There’s usually nothing more carefree than sailing away on a luxury cruise. And once people have selected their ship, destination and travel dates, there’s nothing else to worry about until the trip is over. Or is there?
About two weeks before they were scheduled to embark on a Seabourn cruise this past spring, good friends of mine had to cancel their trip when one of them became unexpectedly ill. Unfortunately, since they had not purchased Trip Cancellation and Interruption insurance for the trip, they were out of pocket for the entire cost of the cruise – about $15,000. And my friends are not alone.
Every year, thousands of people get stuck paying for a cruise they never take or must cut short because of an illness or family emergency. In these kinds of circumstances, many people think the cruise line will refund all or most of their money. However, according to the Cruise Critic website, most cruise companies give no refund at all if you cancel less than 14 days before sailing (some cruise lines refund nothing within 30 days of sailing). And if you cancel between 120 to14 days, there are usually penalties that get higher as the sailing date approaches.
As expensive as cancelling or interrupting a cruise can be, it can cost even more if you also travel without medical insurance. Take the story of the Cortes family who were put ashore in the Bahamas during a 5-day cruise with Royal Caribbean in 2008.
At one point during the cruise the family’s 8-month old baby began vomiting and having diarrhea, so they took her to the ship’s doctor. The doctor diagnosed Baby Zoie as being severely dehydrated and in need of hospitalization ashore.
As a result, the family were rushed off the ship late at night in Nassau and sent to the local emergency room where Zoie was diagnosed with nothing more than a common cold. Unfortunately, by this time the ship had left Nassau and the Cortes family was stranded in a foreign country without passports, lodging or transportation.
The family eventually made their way back home, but not without incurring close to $2,000 in expenses for medical bills, new passports and transportation back to Florida, never mind the cost of a ruined vacation. And the Cortes family got off lightly — if they’d been cruising further from home with a seriously ill child, they could have easily spent more than $20,000 just for medical treatment and emergency evacuation.
The saga of my friends and the Cortes family are good examples of why most vacationers – especially those travelling on expensive trips and outside their own country — should have some travel insurance. Unfortunately, many people don’t understand the full range and types of travel insurance available, or the risks of not buying it before their trip.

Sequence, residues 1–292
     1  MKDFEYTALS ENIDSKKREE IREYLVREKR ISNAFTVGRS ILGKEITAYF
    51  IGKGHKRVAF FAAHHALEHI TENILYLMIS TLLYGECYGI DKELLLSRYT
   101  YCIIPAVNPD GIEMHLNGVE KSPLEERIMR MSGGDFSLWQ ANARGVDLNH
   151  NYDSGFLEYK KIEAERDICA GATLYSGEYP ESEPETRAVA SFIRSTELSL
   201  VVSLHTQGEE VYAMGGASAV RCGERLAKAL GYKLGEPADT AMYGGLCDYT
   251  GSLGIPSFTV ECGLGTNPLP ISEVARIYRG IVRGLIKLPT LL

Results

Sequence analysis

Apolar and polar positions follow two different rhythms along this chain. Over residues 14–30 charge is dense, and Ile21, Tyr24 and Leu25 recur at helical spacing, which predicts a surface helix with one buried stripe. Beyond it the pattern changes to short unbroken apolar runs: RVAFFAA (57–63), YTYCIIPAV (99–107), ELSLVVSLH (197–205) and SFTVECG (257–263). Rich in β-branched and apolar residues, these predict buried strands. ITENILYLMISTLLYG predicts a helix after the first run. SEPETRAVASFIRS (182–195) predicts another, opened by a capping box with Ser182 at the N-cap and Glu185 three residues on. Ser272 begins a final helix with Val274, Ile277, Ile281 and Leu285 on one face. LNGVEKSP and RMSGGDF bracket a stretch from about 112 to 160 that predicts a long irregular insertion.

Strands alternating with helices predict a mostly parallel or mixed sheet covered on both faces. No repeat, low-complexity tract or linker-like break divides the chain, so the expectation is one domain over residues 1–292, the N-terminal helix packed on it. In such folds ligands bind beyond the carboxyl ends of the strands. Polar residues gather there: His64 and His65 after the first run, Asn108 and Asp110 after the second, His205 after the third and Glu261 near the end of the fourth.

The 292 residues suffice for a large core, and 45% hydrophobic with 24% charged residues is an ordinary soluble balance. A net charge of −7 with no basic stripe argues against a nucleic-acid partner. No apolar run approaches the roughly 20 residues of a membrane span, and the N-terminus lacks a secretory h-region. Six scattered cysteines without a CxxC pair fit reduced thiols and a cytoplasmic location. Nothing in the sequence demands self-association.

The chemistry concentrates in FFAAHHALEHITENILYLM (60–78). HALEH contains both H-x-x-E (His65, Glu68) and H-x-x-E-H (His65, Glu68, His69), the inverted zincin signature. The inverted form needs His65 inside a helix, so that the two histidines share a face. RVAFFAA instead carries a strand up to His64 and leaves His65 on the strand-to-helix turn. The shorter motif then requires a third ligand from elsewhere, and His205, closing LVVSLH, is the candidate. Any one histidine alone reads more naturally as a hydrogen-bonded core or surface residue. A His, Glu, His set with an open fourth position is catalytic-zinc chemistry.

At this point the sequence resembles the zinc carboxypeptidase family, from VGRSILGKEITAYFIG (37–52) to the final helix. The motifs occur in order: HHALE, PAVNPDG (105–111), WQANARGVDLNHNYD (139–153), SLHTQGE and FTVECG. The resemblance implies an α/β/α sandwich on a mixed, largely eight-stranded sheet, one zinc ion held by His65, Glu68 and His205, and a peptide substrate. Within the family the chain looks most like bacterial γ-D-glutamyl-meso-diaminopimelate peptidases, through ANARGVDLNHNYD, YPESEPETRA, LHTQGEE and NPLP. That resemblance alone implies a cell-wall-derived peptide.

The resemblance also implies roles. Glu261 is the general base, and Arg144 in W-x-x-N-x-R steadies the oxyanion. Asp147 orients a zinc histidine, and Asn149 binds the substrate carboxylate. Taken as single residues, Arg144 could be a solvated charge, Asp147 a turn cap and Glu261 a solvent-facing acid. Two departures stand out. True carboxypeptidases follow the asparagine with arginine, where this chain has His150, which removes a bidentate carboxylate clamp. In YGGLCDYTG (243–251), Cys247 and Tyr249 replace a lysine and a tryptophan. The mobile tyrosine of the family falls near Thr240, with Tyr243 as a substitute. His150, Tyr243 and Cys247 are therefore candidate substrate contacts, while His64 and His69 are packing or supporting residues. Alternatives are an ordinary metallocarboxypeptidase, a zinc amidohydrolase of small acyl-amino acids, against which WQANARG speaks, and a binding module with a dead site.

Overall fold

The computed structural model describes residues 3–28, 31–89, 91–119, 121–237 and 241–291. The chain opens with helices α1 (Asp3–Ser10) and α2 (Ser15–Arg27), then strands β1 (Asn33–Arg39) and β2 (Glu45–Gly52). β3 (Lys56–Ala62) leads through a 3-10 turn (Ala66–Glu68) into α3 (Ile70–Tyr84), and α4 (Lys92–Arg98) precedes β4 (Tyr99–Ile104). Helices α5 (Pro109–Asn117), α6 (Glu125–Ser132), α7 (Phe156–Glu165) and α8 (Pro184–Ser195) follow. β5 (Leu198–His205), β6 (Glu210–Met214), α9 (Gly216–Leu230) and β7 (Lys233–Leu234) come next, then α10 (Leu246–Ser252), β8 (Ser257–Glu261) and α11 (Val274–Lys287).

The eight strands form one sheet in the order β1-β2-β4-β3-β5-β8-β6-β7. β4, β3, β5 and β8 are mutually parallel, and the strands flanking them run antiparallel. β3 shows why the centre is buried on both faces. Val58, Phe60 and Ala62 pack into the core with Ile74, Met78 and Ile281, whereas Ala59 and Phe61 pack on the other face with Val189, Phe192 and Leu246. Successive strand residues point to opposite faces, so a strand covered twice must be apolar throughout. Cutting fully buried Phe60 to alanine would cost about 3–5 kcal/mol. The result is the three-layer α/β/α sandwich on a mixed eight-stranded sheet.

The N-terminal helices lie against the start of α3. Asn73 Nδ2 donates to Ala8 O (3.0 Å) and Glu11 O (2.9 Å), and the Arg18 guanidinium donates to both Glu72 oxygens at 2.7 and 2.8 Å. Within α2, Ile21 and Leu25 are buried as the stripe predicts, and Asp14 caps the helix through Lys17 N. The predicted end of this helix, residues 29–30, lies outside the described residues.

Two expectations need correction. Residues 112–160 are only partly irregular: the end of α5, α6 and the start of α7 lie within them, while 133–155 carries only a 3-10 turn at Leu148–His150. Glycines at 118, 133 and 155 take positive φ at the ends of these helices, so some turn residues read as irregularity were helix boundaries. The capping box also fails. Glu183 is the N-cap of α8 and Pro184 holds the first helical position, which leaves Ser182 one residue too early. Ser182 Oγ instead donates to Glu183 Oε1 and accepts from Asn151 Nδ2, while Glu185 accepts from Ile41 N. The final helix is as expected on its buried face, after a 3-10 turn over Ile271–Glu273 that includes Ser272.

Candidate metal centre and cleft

Even when sick or injured passengers can be treated by a doctor in the ship’s medical facilities without being put ashore, the treatment will be charged to the customer, and it can be quite costly.
There are three main types of travel insurance used by vacationers: Medical/Life insurance; Trip Cancellation/Interruption; and Baggage Loss and Personal Effects Coverage. Some of these may be covered up to a limited amount in your home insurance policy, your credit card policy, or your company benefits program.
Medical/Life: Coverage can vary by provider, but the best type of policy will cover medical treatment, prescription drugs, emergency evacuation (if warranted), accidental loss of life, sight and limb, and repatriation benefits (flying home remains). It will also provide a toll-free number for personal assistance. This can be bought for a single trip or for multiple trips in one year.
Trip Cancellation/Interruption: Reimburses the policy holder for travel costs lost due to cancellation of the trip (for legitimate reasons) and/or disruption of the trip while in progress. This is a good way to protect the cost of your cruise fare should you have to cancel your trip (conditions apply). The cost of this insurance usually runs between 3 to 8% of the total cost of the vacation that you are ensuring.
Baggage Loss & Personal Effects: This policy typically covers you for loss or delay of baggage, and for personal property stolen en route or in hotels. It also provides a set amount that can be spent daily while waiting for lost luggage to arrive.
These types of policies can be purchased separately, or bundled together as a package, which can be a better deal. However, depending on the coverage you already have via home insurance and credit cards, you may not need all of them.
Insurance can be purchased from your travel agent or the cruise line when making your initial booking, or at a later date before the final payment is due. Or, you can buy it from an insurance broker or a financial institution that offers travel insurance. I usually compare the cost and range of coverage provided by the cruise line with what I can purchase elsewhere, and choose the best deal.
But wherever you get it, make sure you understand what you are buying. A good starting point is to visit the Canadian Association of Financial Institutions in Insurance website where you can find helpful descriptions of the various types of travel and travel medical insurance. Cruise Critic also has a good description of the various types of travel insurance coverage you can buy.
If you do buy a policy, scan the terms when it arrives to ensure you understand what conditions and exceptions may apply. And if you have any questions, don’t be shy about asking.
Hopefully, your next vacation will be trouble free and you’ll never need to use your insurance. But if something does happen, you’ll be grateful you didn’t pull up the anchor and sail away without it.
A fine article containing excellent advice, David. Don’t leave home without it, eh? Cheers! Jim